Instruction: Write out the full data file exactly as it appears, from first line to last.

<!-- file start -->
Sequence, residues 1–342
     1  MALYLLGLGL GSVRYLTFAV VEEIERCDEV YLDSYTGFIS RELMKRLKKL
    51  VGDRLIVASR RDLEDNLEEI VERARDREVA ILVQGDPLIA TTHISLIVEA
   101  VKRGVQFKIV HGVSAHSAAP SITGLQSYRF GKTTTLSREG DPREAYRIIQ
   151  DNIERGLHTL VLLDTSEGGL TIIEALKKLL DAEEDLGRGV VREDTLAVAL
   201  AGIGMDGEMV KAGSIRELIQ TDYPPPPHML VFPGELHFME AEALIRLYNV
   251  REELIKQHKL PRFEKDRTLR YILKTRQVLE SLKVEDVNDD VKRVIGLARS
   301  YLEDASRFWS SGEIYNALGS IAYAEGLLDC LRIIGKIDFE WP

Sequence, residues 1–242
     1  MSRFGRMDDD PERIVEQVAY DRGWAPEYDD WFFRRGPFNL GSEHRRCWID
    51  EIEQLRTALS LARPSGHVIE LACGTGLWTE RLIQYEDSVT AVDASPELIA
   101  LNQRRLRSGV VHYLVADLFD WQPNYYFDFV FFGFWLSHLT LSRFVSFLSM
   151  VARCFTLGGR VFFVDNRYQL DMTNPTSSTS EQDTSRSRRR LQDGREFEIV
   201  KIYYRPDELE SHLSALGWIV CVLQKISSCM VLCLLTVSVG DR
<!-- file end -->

Sequence, residues 1–342
     1  MALYLLGLGL GSVRYLTFAV VEEIERCDEV YLDSYTGFIS RELMKRLKKL
    51  VGDRLIVASR RDLEDNLEEI VERARDREVA ILVQGDPLIA TTHISLIVEA
   101  VKRGVQFKIV HGVSAHSAAP SITGLQSYRF GKTTTLSREG DPREAYRIIQ
   151  DNIERGLHTL VLLDTSEGGL TIIEALKKLL DAEEDLGRGV VREDTLAVAL
   201  AGIGMDGEMV KAGSIRELIQ TDYPPPPHML VFPGELHFME AEALIRLYNV
   251  REELIKQHKL PRFEKDRTLR YILKTRQVLE SLKVEDVNDD VKRVIGLARS
   301  YLEDASRFWS SGEIYNALGS IAYAEGLLDC LRIIGKIDFE WP

Sequence, residues 1–242
     1  MSRFGRMDDD PERIVEQVAY DRGWAPEYDD WFFRRGPFNL GSEHRRCWID
    51  EIEQLRTALS LARPSGHVIE LACGTGLWTE RLIQYEDSVT AVDASPELIA
   101  LNQRRLRSGV VHYLVADLFD WQPNYYFDFV FFGFWLSHLT LSRFVSFLSM
   151  VARCFTLGGR VFFVDNRYQL DMTNPTSSTS EQDTSRSRRR LQDGREFEIV
   201  KIYYRPDELE SHLSALGWIV CVLQKISSCM VLCLLTVSVG DR